Something tells me this was always an essential part of this outsourcing, and why TeleTracking was allowed to impose a proprietary filter between the raw data and its summary and/or analysis. That also tells me that TT and HHS’s defense will likely include blaming each other for why neither can disclose info to Congress or the public. Whoever thought that up should never be allowed back in government.

    • Raven Eye says:

      And if the TeleTracking contract tanks and the data and information ends up having to go back to CDC, there’s good money to be made from the process of de-proprietarying (word?) the data — by the only company who can do that.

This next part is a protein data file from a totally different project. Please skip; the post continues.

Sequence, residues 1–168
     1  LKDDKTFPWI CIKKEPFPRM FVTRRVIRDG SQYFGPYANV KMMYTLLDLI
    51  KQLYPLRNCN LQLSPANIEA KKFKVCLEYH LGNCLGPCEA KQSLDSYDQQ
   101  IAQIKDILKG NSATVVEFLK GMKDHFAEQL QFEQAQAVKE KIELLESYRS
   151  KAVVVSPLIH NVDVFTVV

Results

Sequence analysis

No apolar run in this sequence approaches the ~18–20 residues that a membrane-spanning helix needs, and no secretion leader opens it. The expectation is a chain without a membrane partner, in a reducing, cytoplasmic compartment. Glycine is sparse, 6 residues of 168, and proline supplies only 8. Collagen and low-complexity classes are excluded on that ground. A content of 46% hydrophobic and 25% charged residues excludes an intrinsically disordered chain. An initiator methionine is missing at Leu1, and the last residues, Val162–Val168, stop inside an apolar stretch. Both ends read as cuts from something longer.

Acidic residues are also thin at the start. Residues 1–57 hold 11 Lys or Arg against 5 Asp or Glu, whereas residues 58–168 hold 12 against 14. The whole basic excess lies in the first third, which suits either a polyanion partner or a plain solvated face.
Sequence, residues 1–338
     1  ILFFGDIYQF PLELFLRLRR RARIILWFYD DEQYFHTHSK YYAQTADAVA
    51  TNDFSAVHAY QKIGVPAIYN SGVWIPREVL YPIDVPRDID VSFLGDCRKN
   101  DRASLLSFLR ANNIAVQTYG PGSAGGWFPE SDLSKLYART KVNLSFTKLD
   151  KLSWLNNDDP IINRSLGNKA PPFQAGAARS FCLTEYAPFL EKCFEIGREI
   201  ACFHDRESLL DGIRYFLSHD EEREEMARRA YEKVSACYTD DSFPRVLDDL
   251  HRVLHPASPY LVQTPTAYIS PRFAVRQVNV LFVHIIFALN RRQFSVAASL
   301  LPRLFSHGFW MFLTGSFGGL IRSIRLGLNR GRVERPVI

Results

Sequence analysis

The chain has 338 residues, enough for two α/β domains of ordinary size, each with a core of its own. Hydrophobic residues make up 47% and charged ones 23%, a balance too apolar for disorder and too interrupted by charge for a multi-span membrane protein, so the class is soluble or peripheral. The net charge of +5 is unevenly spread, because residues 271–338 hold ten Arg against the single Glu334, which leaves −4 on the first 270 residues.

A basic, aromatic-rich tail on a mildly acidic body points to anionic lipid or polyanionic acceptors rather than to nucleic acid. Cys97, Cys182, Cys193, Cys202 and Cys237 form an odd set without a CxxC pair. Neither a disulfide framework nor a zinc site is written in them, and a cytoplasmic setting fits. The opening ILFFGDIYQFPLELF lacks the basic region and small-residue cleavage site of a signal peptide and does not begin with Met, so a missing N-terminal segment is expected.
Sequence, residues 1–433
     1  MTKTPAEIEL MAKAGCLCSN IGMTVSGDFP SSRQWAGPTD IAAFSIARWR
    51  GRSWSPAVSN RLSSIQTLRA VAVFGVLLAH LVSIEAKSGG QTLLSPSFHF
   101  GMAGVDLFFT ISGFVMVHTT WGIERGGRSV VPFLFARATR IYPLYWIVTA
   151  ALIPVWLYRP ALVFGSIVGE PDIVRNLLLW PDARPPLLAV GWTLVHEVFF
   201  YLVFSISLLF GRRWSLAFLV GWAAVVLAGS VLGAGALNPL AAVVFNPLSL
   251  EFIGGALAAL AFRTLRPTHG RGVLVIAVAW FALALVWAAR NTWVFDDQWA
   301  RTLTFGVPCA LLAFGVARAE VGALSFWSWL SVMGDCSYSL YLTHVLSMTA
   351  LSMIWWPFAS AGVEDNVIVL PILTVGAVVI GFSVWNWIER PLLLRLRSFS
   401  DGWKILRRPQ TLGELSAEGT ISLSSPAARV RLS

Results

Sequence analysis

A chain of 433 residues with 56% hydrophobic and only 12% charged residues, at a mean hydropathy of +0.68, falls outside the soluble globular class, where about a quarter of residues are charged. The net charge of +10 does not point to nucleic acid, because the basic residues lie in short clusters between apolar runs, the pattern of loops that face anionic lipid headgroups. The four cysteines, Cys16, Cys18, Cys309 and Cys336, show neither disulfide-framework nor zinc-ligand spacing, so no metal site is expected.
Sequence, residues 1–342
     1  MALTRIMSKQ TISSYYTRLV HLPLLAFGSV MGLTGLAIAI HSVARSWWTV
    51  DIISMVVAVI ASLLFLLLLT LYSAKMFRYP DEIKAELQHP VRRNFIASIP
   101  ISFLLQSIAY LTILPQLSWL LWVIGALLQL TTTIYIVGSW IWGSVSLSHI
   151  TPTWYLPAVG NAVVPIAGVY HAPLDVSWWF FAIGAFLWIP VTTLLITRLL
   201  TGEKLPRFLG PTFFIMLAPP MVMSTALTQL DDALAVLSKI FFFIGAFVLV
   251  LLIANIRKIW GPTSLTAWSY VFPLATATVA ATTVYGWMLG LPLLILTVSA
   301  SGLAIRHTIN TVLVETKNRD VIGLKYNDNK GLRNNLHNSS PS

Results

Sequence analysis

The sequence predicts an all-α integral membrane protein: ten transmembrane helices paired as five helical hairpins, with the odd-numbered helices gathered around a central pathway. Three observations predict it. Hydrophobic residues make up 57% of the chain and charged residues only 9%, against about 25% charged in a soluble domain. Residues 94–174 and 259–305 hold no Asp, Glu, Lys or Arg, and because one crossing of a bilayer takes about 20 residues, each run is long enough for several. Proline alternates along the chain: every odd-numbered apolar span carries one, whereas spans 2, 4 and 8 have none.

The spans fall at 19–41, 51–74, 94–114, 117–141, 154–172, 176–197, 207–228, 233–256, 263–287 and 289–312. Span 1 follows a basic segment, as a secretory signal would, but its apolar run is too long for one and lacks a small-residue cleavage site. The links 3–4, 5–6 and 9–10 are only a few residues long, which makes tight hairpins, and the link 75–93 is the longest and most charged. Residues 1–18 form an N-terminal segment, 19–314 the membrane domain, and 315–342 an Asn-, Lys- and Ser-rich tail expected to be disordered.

• earlofhuntingdon says:

      A competently drawn contract would anticipate such things and provide, for example, for ready access to and royalty-free use of the contractor’s s/w (and supporting documentation) needed to access the full data set and transition its management to other s/w. It’s not as if the government hasn’t enough juice to negotiate those things.

      What that probably means for this regime, though, is that this contract doesn’t provide for anything more than the contractor’s “reasonable efforts” at high, “standard” contract rates. Doing the wrong things and doing them badly, hiding everything it does and pilfering the Treasury are this regime’s defining characteristics.

  6. ducktree says:

    An excellent rendering . . . “I have the con!”

    Red October in-fucking-deed@!11!

    Thank you ThomasH.

  7. ducktree says: